sequence_number = 0
enabled = false
name = ''
website = ''
description = ''
identity_key = 'penumbravalid1kqrecmvwcc75rvg9arhl0apsggtuannqphxhlzl34vfamp4ukg9q87ejej'
governance_key = 'penumbragovern1kqrecmvwcc75rvg9arhl0apsggtuannqphxhlzl34vfamp4ukg9qus84v5'

type = 'tendermint/PubKeyEd25519'
value = 'HDmm2FmJhLHxaKPnP5Fw3tC1DtlBx8ETgTL35UF+p6w='

recipient = 'penumbrav2t1cntf73e36y3um4zmqm4j0zar3jyxvyfqxywwg5q6fjxzhe28qttppmcww2kunetdp3q2zywcakwv6tzxdnaa3sqymll2gzq6zqhr5p0v7fnfdaghrr2ru2uw78nkeyt49uf49q'
rate_bps = 100

recipient = "CommunityPool"
rate_bps = 100

and adjust the data like the name, website, description, etc as desired.

The enabled field can be used to enable/disable your validator without facing slashing penalties. Disabled validators can not appear in the active validator set and are ineligible for rewards.

This is useful if, for example, you know your validator will not be online for a period of time, and you want to avoid an uptime violation penalty. If you are uploading your validator for the first time, you will likely want to start with it disabled until your CometBFT & pd instances have caught up to the consensus block height.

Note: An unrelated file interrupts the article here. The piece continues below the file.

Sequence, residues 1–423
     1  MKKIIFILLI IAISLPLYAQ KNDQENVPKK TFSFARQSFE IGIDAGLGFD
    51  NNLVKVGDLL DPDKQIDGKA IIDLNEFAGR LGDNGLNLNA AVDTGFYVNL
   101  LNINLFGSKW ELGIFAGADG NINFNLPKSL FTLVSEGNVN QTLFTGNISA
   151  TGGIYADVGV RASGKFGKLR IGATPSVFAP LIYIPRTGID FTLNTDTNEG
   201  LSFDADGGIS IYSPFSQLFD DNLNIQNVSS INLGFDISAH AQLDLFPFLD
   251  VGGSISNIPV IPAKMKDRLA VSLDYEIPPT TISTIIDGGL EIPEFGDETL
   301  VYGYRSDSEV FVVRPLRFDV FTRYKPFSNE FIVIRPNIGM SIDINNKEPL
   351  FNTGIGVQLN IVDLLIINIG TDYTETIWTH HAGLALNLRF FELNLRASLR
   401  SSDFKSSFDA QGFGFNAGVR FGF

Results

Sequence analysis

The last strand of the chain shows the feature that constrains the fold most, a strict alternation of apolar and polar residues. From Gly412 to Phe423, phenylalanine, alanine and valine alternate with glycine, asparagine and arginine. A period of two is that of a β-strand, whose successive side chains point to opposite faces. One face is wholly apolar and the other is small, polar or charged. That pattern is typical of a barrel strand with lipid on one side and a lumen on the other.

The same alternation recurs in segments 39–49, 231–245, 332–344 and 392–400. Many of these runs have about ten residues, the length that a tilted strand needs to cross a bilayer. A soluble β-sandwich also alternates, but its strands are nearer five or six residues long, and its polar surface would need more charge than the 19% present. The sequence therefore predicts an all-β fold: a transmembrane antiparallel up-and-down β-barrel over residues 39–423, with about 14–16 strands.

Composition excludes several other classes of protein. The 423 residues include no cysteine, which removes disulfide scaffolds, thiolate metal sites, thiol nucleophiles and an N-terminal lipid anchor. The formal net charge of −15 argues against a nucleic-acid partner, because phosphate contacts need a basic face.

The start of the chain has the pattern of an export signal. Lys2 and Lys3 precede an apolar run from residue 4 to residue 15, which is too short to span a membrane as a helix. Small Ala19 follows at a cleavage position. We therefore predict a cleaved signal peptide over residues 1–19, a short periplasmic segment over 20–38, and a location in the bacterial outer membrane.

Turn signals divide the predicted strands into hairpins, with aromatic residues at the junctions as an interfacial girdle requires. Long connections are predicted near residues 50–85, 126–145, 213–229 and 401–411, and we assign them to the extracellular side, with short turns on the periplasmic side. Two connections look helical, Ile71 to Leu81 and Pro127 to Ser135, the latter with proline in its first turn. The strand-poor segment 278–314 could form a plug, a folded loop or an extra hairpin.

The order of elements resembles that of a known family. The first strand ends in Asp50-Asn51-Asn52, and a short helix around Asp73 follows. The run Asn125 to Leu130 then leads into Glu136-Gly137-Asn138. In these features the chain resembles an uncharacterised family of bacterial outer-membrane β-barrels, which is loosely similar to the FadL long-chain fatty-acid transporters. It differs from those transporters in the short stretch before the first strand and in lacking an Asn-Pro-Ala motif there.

Note that by default the enabled field is set to false and will need to be enabled in order to activate one’s validator.

In the default template, there is a funding stream declared to contribute funds to the Community Pool. This is not required, and may be altered or removed if you wish.

Setting the consensus key

In the command above, the --tendermint-validator-keyfile flag was used to instruct pcli to import the consensus key for the CometBFT identity. This works well if pcli and pd are used on the same machine. If you are running them in separate environments, you can omit the flag, and pd will generate a random key in the template. You must then manually update the consensus_key. You can get the correct value for consensus_key from your cometbft configs: